The Challenge of Being Single Again

It can be a huge challenge to be “single again” after years of marriage.

Divorce rates are at an all time high and may even be getting worse. Many people are alone again after years of being married. Major adjustments need to be made.

Some people say they initially like the change because it is a nice break from all the hassling which may have taken place in the dying marriage. It can be very stressful living in a dying relationship.

In some ways, the loneliness experienced in a poor relationship is harder to handle than the loneliness which may come with living alone. It is very painful to be living with someone with whom you don’t connect.

What are the challenges that come with being single again?

First of all, there is the grief which comes from the death of the relationship. If the ending came suddenly, with little warning, it can be a turbulent emotional experience which goes on for some time (a year at the least).

If there was some warning and a long period of deterioration, a feeling of relief may initially occur, followed by more hurt for the loss of the ideal or dream marriage. Many adjustments then have to be made. One has to learn to do a number of things which the spouse used to take care of. This can be a stressful experience. Being a single parent can be very stressful as well. The children have their own grief and adjustments to make, and all of this upset can interfere with everyday life.

Statistics tell us that women often lose their standard of living after a divorce. They are most likely the custodial parents and yet their resources have decreased and this creates new pressures for the whole family.

Some non-custodial parents are good about paying support and yet many others are not and this creates a lot of unnecessary hardship for the rest of the family.

When the dust settles and new routines have been established and the grief has subsided, there can be a growing sense of disquiet. One has an awareness that he/she is lonely and there is a yearning for companionship and perhaps a new relationship.

Meeting new people presents a new set of challenges. How does one do it? Where does one go? The old dating scene has changed a lot and for many is not considered an option. Going to bars and/or nightclubs has no appeal.

Even if a new person comes along, it can be frightening and exciting and confusing. The fears of failing or being hurt again rise to the surface and can get in the way of establishing a new bond.

What does one do to handle being single again?

* Take time to heal. Don’t manage grief by rushing to replace the relationship which was lost. Often these choices end up being regrettable.

* Create a “Stress Survival Program” (talk, write, exercise, distract yourself, etc.) to stay on top of the distress associated with being on one’s own and all that goes with it.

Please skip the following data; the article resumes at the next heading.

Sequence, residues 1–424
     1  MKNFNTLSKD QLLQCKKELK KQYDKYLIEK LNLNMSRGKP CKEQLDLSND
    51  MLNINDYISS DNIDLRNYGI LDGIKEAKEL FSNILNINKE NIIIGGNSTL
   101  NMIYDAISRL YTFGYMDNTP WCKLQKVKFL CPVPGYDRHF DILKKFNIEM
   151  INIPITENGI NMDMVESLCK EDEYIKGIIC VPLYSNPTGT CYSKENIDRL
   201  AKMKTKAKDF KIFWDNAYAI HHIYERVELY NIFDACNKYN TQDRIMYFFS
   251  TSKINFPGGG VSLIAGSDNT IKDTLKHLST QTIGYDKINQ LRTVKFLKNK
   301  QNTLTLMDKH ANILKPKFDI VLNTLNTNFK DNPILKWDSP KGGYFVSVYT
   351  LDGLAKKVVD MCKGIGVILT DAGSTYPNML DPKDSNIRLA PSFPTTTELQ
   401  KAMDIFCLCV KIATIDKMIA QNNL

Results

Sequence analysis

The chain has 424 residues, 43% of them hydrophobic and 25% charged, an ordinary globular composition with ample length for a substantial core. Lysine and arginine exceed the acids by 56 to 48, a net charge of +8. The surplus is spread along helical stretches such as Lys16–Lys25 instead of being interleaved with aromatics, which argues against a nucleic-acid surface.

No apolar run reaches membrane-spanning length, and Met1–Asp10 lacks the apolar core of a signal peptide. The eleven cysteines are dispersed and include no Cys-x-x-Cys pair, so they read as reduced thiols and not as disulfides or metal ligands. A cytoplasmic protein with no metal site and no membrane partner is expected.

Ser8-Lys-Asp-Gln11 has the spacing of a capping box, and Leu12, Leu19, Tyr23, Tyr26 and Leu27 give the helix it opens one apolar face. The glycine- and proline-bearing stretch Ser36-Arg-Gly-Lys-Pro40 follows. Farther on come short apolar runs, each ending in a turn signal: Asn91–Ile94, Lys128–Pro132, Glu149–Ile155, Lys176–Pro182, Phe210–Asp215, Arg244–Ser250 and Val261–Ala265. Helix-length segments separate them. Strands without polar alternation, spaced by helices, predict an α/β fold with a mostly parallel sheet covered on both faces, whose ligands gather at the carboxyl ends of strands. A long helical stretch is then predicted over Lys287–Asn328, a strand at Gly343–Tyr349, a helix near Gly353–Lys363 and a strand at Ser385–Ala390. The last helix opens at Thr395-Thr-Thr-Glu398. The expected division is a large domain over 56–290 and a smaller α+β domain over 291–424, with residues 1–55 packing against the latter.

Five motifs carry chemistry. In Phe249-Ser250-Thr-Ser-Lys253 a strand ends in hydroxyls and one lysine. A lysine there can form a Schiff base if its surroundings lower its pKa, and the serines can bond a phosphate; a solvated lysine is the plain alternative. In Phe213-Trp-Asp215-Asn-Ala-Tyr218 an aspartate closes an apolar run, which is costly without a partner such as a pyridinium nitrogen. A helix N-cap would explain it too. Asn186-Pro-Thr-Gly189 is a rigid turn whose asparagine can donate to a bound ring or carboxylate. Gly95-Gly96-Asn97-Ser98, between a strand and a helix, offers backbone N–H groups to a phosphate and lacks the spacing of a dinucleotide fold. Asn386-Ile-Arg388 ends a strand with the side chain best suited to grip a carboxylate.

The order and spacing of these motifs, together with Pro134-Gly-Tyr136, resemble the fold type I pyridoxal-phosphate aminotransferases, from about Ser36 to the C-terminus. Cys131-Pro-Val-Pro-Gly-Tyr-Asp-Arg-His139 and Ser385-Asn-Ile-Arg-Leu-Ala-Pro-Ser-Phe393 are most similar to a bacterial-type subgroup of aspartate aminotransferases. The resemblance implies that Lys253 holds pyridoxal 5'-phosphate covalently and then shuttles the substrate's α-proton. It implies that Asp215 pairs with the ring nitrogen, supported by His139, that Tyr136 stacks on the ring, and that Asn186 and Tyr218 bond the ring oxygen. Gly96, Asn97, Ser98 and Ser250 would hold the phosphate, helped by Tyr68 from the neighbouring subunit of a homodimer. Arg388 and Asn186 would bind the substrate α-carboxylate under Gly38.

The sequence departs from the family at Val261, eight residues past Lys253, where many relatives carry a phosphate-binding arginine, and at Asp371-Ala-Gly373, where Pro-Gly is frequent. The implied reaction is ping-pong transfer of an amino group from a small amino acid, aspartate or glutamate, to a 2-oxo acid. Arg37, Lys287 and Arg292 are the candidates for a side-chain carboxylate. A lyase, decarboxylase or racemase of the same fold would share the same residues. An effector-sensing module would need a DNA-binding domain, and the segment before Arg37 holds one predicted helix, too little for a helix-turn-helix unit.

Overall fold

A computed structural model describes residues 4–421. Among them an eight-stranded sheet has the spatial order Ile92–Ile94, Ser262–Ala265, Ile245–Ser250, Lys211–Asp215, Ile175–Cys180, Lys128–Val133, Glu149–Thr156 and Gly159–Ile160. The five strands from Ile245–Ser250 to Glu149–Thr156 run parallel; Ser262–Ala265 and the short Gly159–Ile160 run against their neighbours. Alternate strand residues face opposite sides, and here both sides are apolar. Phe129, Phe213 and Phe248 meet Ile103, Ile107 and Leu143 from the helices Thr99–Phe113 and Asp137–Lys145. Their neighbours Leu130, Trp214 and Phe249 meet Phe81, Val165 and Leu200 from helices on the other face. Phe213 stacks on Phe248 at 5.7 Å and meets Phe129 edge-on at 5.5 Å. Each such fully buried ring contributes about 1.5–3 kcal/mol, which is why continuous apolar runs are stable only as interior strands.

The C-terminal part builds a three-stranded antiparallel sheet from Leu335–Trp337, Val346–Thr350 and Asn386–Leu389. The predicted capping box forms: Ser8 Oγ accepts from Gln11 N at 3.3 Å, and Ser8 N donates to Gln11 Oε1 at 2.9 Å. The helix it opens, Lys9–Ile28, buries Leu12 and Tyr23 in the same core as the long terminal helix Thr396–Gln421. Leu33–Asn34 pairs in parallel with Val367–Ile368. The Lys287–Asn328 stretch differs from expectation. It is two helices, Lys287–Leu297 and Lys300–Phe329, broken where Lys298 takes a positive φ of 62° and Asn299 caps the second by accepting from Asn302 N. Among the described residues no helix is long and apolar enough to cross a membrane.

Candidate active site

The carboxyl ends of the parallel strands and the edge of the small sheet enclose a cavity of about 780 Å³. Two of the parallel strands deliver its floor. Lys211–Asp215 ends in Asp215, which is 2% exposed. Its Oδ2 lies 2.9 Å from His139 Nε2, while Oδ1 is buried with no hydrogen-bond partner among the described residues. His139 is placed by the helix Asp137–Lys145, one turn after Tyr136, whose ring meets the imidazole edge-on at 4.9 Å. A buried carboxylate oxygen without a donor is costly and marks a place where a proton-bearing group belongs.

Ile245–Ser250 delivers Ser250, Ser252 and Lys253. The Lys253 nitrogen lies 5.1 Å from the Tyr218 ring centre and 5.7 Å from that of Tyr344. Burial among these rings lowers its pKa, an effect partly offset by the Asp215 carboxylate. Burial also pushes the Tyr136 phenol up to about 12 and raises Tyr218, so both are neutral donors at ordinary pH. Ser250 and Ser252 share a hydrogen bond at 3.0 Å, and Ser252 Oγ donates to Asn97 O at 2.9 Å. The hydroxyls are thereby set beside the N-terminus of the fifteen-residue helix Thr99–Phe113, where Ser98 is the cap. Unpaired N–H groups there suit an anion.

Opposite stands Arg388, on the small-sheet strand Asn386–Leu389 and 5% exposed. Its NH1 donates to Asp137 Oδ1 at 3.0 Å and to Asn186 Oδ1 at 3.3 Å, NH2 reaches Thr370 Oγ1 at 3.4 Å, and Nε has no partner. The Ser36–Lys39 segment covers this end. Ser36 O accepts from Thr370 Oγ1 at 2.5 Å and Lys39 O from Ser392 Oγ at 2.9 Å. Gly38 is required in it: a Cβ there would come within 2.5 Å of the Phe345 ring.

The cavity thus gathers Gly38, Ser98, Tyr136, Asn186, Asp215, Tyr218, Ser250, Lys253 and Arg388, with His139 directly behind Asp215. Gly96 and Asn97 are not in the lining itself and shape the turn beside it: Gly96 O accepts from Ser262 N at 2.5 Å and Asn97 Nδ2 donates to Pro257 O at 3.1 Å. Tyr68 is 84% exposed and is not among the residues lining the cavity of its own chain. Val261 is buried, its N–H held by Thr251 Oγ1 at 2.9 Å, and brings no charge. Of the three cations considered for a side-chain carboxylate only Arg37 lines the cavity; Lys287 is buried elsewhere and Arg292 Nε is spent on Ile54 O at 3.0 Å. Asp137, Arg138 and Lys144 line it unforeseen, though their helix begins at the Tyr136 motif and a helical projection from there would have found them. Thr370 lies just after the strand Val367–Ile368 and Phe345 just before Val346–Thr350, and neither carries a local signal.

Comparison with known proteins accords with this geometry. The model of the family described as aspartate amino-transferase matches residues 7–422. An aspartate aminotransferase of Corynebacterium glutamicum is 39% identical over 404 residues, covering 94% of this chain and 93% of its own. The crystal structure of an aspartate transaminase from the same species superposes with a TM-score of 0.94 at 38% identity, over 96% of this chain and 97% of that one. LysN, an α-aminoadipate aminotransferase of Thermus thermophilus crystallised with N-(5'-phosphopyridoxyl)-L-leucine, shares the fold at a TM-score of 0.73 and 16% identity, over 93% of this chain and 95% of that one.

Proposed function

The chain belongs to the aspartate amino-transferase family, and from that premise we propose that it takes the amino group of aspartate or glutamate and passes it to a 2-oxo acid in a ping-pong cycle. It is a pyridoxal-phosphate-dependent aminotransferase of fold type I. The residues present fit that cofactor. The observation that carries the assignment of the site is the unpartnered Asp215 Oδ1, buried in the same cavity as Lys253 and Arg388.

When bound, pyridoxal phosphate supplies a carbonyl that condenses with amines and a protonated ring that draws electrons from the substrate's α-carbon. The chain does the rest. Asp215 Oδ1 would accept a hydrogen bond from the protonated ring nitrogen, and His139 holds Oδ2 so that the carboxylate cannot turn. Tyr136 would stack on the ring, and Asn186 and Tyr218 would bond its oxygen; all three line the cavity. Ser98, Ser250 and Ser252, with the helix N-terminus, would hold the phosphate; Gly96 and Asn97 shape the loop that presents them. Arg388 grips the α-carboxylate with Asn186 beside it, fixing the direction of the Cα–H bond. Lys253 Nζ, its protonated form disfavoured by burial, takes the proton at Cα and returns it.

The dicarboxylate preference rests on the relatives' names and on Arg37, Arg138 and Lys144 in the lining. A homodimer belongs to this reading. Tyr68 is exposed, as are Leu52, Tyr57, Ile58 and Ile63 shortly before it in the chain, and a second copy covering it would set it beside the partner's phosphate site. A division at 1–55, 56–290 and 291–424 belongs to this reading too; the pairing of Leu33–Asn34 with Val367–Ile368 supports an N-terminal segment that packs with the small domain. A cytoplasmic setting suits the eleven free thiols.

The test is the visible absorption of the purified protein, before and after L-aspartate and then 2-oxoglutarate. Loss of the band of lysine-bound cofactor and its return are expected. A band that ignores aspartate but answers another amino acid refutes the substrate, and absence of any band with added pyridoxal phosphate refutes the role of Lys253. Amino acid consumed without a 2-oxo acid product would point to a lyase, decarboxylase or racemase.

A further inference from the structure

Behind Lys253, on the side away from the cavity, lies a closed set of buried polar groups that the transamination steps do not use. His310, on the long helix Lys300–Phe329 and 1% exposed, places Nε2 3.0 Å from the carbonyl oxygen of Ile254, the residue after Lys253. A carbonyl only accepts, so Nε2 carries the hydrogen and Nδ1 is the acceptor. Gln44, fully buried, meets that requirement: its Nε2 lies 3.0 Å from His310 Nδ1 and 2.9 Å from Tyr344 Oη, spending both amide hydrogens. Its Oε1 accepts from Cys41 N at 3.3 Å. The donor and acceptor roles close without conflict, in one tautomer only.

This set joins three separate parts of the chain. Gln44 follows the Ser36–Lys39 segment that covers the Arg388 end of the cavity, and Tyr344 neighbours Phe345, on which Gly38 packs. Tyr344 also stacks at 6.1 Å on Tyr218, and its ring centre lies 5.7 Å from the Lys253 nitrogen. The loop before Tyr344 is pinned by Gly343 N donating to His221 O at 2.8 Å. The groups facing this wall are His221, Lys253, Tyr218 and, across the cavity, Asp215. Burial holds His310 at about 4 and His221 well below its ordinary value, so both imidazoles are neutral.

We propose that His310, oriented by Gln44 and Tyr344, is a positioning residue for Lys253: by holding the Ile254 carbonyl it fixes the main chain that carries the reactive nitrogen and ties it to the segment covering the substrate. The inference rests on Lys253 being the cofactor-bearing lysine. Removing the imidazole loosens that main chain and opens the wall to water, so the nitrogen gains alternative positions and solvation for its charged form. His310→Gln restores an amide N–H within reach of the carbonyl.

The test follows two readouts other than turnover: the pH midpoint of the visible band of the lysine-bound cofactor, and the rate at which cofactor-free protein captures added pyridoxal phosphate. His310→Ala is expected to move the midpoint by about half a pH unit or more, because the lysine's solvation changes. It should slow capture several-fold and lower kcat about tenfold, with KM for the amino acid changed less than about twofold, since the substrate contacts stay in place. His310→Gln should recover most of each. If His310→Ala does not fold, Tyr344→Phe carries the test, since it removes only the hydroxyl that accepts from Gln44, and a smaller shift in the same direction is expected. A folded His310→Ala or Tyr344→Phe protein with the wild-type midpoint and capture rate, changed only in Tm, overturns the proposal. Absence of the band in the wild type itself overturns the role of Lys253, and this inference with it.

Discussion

* Look for ways to socialize which will allow one to reinvest in relationships and which may lead to something special (if desired). Consider Recreation Centre programs or clubs where people with similar interests can gather to have fun.

Becoming single again can be a shocking experience, particularly if one was supposedly happy in a marriage before it ended. Daring to hope for a meaningful new relationship can be scary.

Those people who heal their grief and cautiously reach out after becoming established as “single”, need to be able to state what they have learned from their past. If history is ignored there is a good chance it will be repeated (as the old saying goes).

Great intimacy is a natural and realistic goal but one has to approach it a step at a time.

 

Photo by Aaron Andary on Unsplash
The Challenge of Being Single Again
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Denis works with couples and individuals. His areas of interest include marriage, grief and stress. He also counsels people who suffer from depression and anxiety symptoms, as well as those struggling with personal growth issues.

Denis is eclectic in his use of psychological approaches, which include Adlerian, cognitive/behavioural, systems, psychodynamic, brief solution focused, existential and emotionally focused therapies.

Denis is a popular speaker who presents talks and workshops on a variety of topics including marriage, grief, retirement, emotional maturity and family relationships. He has published a book titled, “Marriage Can Be Great!…no really.”

Denis was a Clinical Assistant Professor of Medicine at the University of British Columbia. He helped to start the first hospice program in B.C. in 1975.

Denis received his Master of Arts degree from the University of British Columbia in 1977 and works as a Registered Psychologist. He is a member of the B.C. College of Psychologists and the B.C. Psychological Association.

Most importantly Denis has been married to Maureen for over thirty years and they have four children.

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